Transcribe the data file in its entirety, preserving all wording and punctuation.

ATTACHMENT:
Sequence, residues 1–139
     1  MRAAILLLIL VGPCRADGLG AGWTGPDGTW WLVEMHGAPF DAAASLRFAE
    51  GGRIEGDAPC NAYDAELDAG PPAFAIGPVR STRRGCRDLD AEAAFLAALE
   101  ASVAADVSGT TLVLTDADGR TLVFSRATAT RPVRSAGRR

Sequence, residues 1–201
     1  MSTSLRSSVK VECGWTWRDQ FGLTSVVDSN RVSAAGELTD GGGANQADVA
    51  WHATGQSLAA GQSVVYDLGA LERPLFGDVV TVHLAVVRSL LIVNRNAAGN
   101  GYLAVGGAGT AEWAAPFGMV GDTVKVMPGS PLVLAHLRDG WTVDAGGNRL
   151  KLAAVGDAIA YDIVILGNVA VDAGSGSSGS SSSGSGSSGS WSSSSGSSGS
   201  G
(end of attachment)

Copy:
Sequence, residues 1–139
     1  MRAAILLLIL VGPCRADGLG AGWTGPDGTW WLVEMHGAPF DAAASLRFAE
    51  GGRIEGDAPC NAYDAELDAG PPAFAIGPVR STRRGCRDLD AEAAFLAALE
   101  ASVAADVSGT TLVLTDADGR TLVFSRATAT RPVRSAGRR

Sequence, residues 1–201
     1  MSTSLRSSVK VECGWTWRDQ FGLTSVVDSN RVSAAGELTD GGGANQADVA
    51  WHATGQSLAA GQSVVYDLGA LERPLFGDVV TVHLAVVRSL LIVNRNAAGN
   101  GYLAVGGAGT AEWAAPFGMV GDTVKVMPGS PLVLAHLRDG WTVDAGGNRL
   151  KLAAVGDAIA YDIVILGNVA VDAGSGSSGS SSSGSGSSGS WSSSSGSSGS
   201  G